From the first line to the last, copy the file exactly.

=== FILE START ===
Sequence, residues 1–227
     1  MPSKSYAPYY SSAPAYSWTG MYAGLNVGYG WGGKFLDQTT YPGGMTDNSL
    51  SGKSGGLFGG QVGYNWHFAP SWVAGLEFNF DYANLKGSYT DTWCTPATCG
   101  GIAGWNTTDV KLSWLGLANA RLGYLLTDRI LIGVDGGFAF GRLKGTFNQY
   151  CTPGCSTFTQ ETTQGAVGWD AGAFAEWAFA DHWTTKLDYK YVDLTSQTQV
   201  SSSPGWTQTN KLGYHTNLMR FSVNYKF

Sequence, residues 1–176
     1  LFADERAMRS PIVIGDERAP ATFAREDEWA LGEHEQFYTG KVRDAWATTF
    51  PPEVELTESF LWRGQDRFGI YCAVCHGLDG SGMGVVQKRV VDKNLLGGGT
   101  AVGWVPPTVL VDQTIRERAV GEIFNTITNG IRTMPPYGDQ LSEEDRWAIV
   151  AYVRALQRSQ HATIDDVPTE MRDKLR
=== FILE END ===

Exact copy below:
Sequence, residues 1–227
     1  MPSKSYAPYY SSAPAYSWTG MYAGLNVGYG WGGKFLDQTT YPGGMTDNSL
    51  SGKSGGLFGG QVGYNWHFAP SWVAGLEFNF DYANLKGSYT DTWCTPATCG
   101  GIAGWNTTDV KLSWLGLANA RLGYLLTDRI LIGVDGGFAF GRLKGTFNQY
   151  CTPGCSTFTQ ETTQGAVGWD AGAFAEWAFA DHWTTKLDYK YVDLTSQTQV
   201  SSSPGWTQTN KLGYHTNLMR FSVNYKF

Sequence, residues 1–176
     1  LFADERAMRS PIVIGDERAP ATFAREDEWA LGEHEQFYTG KVRDAWATTF
    51  PPEVELTESF LWRGQDRFGI YCAVCHGLDG SGMGVVQKRV VDKNLLGGGT
   101  AVGWVPPTVL VDQTIRERAV GEIFNTITNG IRTMPPYGDQ LSEEDRWAIV
   151  AYVRALQRSQ HATIDDVPTE MRDKLR